With less than two months to go before the ICD-10 goes live, most physician practices haven't done readiness testing. Why not?
Last summer when CMS announced yet another delay in implementation of the ICD-10 system, putting it off from October 2014 to October 2015, practices breathed a collective sigh of relief. At the time, a few apt experts predicted that the delay would give a dangerously false sense of security to those who were nowhere near ready. That seems to have been exactly what happened. According to survey results released this week by WEDI (Workgroup for Electronic Data Interchange), only 20 percent of physician providers have completed external testing.
When asked why so few practices had tested, Ken Bradley, vice president of strategic planning and regulatory compliance at Duluth, Ga.-based medical claims clearinghouse, Navicure said that it's not so much not wanting to test, as it’s the inability to do so According to a Navicure survey, fewer than half of practices surveyed have even completed installment of their EHR systems.
This may not be due to old-fashioned procrastination. "Many practices wanted to wait until it was clear that ICD-10 really was going to happen," said Bradley, adding that it’s perhaps understandable.
Preparation for ICD-10 has been a huge challenge for smaller practices. "I think practice administrators and physicians are on total overload," said Elizabeth Woodcock, president of Woodcock and Associates, a Fredericksburg, Va.-based physician practice consulting firm. "Think about it -the physician quality reporting system, meaningful use, EHR implementations, value-based payment modifier, let alone all of the commercial payers' initiatives. It's almost too much." Bradley adds that, "Putting time and money into things they know for sure are going to happen-such as meaningful use-seemed to many practices the only sensible way to allocate resources."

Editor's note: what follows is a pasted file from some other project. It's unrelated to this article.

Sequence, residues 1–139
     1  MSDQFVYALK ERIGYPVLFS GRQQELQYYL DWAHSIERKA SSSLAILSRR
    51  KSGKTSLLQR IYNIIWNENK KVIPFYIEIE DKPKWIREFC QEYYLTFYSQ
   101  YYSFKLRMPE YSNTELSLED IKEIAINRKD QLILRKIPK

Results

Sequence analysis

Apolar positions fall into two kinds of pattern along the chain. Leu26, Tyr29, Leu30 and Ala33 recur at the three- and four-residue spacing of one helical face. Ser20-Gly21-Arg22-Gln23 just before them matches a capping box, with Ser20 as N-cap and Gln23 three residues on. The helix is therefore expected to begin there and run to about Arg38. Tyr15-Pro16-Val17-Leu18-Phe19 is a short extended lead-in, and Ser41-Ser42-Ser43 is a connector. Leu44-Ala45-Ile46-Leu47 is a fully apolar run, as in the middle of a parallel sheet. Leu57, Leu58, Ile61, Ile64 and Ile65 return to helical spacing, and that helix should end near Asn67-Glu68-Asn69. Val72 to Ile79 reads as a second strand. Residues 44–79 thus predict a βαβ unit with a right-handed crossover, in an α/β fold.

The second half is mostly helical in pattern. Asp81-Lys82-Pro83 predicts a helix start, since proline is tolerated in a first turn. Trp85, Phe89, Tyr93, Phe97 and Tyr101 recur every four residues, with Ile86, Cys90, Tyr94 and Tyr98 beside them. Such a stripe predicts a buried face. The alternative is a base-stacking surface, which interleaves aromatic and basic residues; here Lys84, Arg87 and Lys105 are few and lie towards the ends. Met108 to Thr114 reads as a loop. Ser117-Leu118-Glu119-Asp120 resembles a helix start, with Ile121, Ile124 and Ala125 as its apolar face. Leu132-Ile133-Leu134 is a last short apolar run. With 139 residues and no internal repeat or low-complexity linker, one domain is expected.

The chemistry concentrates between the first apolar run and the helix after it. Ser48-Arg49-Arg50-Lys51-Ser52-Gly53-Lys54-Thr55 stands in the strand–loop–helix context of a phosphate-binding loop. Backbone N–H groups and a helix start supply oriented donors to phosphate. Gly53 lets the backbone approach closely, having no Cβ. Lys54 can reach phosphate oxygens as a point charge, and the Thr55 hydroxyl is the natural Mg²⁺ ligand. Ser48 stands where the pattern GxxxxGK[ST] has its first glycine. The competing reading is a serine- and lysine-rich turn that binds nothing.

There may also be a tiny bit of the Pollyanna out there. "Y2K, 5010, etc., all caused hysteria in the industry, yet it all went without a hitch," said Woodcock. "I think this is what practices think about ICD-10-that it will be okay."
But is that confidence well-founded? Maybe. Even though many smaller practices haven't tested, the big payers have and for the most part, things went smoothly. Indications are that the electronic systems are going to work just fine (as long as providers have them installed and ready to go), but Bradley points out that ICD-10 is not just a tech update. "The biggest concern is getting the coding staff trained and ready," he said. On the other hand, CMS has agreed to give leeway for coding errors during the transition period, but if your systems just don't work, you're out of luck.
The testing question may be moot anyway. Many of the big payers have done enough testing and are not available for more testing with tardy practices. "Some practices may have to just do without testing," Bradley said.